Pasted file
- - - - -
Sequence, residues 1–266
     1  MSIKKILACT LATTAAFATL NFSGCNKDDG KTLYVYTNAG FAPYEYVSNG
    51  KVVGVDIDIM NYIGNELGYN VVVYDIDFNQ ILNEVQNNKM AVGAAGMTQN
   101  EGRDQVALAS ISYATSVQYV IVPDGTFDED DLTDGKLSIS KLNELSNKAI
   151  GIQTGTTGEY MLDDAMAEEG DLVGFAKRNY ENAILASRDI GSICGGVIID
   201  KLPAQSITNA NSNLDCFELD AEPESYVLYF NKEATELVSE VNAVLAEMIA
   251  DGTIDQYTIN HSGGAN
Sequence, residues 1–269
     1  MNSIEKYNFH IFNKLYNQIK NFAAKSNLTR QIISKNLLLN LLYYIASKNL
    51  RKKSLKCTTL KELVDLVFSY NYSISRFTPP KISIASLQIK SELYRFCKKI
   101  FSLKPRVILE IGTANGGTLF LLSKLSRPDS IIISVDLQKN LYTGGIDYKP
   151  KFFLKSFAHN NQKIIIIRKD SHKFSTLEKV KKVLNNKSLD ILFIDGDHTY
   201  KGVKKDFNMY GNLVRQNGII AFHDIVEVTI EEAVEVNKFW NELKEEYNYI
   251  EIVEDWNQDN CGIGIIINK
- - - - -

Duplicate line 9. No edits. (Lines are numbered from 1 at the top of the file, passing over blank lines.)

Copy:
     1  MNSIEKYNFH IFNKLYNQIK NFAAKSNLTR QIISKNLLLN LLYYIASKNL